From Cradle To Exit
Here is a question, as an entrepreneur, what do you need to do to make your start-up a success in an era where 98 per cent of tech launches fail? What does it take to convince your stakeholder universe that you are the one who’s got what it takes?
You have a solution that solves a real problem — tick. You have the passion to change the world — tick. You have the team with the right experience to help you deliver — tick. And you have the funding to help you grow and scale — tick …
But to be able to do all these, you need a lot more than plain common sense and an ability to inspire. You need awareness. You need credibility. And you need a reputation that is incrementally higher than the one afforded to your closest competitors.
In short, you need a clear and comprehensive message and a strategic marketing communications plan that align with your business objectives and help discover your very own North Star to help navigate in an increasingly complex stakeholder universe, comprising suppliers, consumers, regulators, angel or private Investors and venture capitalists.
Once these elements are in place, a start-up has a compelling narrative to help it go to market and address its target audiences before it embarks on the engagement phase. Which is equally crucial.
From a communicator’s point of view, it may sound easy, but it’s not. Teaching a start-up to crawl and then walk is like giving birth to a child and nurturing it during the formative years. It’s painful at first, then it gets emotionally challenging as you create a physical bond.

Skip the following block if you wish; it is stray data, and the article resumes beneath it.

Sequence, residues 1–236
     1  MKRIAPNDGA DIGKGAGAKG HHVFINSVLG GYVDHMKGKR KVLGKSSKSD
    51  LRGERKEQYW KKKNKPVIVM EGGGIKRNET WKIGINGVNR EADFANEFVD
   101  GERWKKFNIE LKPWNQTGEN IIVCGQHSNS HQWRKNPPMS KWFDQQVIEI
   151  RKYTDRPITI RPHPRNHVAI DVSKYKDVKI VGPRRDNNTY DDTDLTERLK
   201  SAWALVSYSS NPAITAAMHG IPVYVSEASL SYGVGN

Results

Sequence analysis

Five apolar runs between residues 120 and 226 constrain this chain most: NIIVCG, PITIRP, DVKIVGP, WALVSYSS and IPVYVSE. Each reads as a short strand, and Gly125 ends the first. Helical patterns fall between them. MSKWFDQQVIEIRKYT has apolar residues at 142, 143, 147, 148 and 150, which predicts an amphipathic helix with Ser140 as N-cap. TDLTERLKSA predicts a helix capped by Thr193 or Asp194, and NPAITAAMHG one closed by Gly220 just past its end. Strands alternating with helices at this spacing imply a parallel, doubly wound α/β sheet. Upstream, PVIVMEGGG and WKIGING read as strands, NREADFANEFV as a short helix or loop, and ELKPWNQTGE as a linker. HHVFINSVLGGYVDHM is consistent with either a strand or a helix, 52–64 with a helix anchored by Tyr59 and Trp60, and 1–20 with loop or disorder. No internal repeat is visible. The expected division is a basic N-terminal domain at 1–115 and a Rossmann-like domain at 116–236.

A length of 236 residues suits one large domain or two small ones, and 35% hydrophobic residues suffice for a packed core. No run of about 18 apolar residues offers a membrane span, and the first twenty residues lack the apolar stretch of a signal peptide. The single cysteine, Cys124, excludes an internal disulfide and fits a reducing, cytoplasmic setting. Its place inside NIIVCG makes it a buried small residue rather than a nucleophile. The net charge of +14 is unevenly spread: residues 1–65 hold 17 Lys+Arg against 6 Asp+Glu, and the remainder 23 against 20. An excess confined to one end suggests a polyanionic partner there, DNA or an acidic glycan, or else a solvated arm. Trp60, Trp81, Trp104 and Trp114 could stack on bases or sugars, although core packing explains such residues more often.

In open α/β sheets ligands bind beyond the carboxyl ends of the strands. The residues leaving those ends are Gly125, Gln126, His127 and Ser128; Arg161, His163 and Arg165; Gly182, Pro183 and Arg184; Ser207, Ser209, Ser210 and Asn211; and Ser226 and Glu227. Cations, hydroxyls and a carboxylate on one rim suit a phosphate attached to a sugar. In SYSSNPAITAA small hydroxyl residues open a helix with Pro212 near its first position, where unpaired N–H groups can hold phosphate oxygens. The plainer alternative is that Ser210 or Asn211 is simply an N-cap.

But once you see it start walking and travel to other markets and finally exit your life, the emotions are as rewarding as seeing your own child reaching adulthood and then flying the nest to college.
I recently supported Okadoc come to the limelight. This is a health-tech start-up helping patients in the UAE discover their preferred doctor based on speciality, experience, language spoken, location and availability. It is an online marketplace for doctors, unique to the region and with only a handful of competitors in the world.
Okadoc helps improve the health care experience for patients as well as doctors, hospitals and clinics. Similar to booking an airline ticket to your favourite destination when you want it and from anywhere you are.
And Okadoc’s decision to start up in Dubai is already paying off. Not least thanks to its founder and CEO’s e-commerce credentials, who started his entrepreneurial journey in Dubai eight years ago. He comes from a finance background in France and was previously involved in the Middle East’s biggest e-commerce success stories.
But enough about Okadoc … for now. Tech start-ups are not like any other client — they are a unique breed. They reflect the character and personality of their founder. They have no legacy that restricts their horizons.
They know no boundaries or limitations to their ambition. And they are young, dynamic, fearless and ready to conquer and change the world.
Through a combination of major investments in innovation incubators, private sector incentives, global partnerships and specialised talent development, Dubai is ideally placed to help start-ups set up and grow their operations.
This article originally appeared in Gulf News.